Tim B Lee

How the internet works

– Your computer asks the server of the website you want to visit, for a copy of that webpage.

– The computer sticks this request in a packet, which is a virtual envelope, including the IP address of the web page.

– The computer sends this packet out the house and into the street via underground copper wires.

– It passes through a number of regional networks before passing through one of Londons Telehouse data centres. There are 5 London data centres, which are large buildings housing equipment, space, and bandwith for firms and connects them to a variety of telecommunications and network services.

– The IP address in the packet tells the server where the destination of the website requested.

– The packet is then sent out as light through fibre optic cables, and this can be done overseas, as there are vast amounts of cables underneath the oceans of our world literally connecting us.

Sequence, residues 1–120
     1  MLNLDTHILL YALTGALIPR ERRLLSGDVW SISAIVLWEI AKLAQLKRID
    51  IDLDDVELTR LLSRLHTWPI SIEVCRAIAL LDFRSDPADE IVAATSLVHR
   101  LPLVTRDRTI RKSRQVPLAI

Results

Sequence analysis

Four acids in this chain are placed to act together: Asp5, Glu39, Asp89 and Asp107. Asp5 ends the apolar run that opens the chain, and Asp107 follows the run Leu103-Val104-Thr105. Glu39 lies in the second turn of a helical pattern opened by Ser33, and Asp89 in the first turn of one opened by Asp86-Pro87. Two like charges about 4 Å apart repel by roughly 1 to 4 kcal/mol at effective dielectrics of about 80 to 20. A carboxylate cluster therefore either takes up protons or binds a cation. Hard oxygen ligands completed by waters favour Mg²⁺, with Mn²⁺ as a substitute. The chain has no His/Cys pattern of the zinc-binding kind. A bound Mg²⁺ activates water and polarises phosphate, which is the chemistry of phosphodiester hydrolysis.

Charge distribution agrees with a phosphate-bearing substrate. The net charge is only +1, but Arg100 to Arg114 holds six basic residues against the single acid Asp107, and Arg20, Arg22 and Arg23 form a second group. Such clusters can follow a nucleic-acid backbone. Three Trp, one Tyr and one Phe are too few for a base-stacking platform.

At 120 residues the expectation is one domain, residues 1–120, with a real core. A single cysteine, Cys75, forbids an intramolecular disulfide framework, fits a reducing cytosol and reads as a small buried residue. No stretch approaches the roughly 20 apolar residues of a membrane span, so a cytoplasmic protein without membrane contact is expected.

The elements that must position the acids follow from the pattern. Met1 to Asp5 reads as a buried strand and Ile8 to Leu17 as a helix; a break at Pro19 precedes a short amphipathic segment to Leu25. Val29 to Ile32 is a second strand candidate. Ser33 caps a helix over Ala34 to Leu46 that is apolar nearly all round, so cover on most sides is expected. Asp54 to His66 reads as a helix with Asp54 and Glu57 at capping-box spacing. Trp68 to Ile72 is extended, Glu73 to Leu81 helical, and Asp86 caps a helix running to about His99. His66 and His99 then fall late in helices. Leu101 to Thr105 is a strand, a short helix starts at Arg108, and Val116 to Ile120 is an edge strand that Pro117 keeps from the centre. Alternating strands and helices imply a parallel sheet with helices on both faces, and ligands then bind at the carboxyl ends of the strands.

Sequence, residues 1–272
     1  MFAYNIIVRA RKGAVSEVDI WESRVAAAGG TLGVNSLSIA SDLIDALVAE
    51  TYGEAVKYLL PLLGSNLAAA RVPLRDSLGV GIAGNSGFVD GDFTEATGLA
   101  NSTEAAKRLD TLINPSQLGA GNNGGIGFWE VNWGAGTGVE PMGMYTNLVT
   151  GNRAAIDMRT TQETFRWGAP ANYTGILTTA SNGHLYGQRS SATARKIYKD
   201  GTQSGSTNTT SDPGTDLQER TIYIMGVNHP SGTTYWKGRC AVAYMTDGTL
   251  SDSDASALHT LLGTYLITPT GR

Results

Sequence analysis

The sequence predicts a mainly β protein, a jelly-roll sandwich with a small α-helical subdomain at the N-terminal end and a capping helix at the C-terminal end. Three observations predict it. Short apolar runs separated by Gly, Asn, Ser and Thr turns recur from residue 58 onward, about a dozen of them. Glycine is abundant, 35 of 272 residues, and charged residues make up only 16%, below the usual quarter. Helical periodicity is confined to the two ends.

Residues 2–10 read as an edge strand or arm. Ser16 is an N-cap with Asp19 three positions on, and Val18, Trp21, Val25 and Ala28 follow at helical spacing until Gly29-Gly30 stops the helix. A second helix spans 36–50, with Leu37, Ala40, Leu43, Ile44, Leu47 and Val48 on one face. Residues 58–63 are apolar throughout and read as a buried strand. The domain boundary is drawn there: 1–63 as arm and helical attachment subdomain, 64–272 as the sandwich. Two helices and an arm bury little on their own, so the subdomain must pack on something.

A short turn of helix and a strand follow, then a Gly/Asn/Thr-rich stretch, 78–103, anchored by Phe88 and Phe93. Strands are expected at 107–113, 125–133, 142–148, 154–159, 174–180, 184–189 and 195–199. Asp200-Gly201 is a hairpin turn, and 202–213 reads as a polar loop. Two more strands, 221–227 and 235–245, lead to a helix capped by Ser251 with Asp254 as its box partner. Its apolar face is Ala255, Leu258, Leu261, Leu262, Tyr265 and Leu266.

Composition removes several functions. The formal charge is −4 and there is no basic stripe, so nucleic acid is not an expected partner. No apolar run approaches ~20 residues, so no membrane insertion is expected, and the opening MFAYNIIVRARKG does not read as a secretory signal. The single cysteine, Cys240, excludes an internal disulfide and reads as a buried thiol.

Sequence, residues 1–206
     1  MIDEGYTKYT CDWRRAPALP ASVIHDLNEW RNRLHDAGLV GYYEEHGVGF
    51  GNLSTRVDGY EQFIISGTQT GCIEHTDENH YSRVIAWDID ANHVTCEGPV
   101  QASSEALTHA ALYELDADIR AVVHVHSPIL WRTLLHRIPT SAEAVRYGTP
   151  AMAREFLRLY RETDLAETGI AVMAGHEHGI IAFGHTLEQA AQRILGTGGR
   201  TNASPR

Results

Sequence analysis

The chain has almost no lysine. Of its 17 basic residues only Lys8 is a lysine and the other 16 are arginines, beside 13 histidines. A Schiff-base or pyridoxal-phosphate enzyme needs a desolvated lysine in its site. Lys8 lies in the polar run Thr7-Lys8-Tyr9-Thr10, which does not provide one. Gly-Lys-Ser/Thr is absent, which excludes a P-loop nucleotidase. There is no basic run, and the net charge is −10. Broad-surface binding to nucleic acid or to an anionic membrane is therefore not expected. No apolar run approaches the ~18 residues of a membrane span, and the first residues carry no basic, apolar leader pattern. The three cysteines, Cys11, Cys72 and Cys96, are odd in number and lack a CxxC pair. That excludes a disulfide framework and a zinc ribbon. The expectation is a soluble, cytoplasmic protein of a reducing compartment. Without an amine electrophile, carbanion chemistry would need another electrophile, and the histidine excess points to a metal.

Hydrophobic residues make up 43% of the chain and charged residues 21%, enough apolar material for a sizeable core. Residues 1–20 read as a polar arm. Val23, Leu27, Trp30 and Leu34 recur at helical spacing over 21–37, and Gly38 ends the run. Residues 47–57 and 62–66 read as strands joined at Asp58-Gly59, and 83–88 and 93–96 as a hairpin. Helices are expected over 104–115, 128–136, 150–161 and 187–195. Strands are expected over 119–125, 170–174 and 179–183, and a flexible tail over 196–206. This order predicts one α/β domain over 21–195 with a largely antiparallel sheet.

– The packet then lands at another hub, in the country of the where the website is hosted.

РThe hub sends the packet through a number of regional networks  until it gets to the server where the webpage resides.

– The server reads the request and then prepares to send the data requested back to your computer.

– Web pages however are too large to send as a single packet of data, so the webpage is divided into thousands of smaller packets of data, each one wrapped with all the data needed to rebuild itself at its final location.

– These packets travel to another main hub which checks the traffic report before sending it off. The information is then sent through fibre optics in light form and then through copper wires, more reigonal networks and then back to your computer.

This happens in about one second.

And is happening trillions of times a day.

From watching your favourite movie, sharing music, creating anything, connecting with people on the other side of the world, educating yourself, watching cats do stupid stuff, ¬†and making shopping much easier the internet has changed everyone’s lives dramatically and we would be stifled without it. It continually gets faster and the technology gets increasingly immersive. As long as it doesn’t get to the high levels of debauchery explored in Charlie Brooker’s Black Mirror we could be in for a real change in how we perceive the world. Remember to thank Tim Berners Lee for what he created. Where we go from here, I think we just ask google.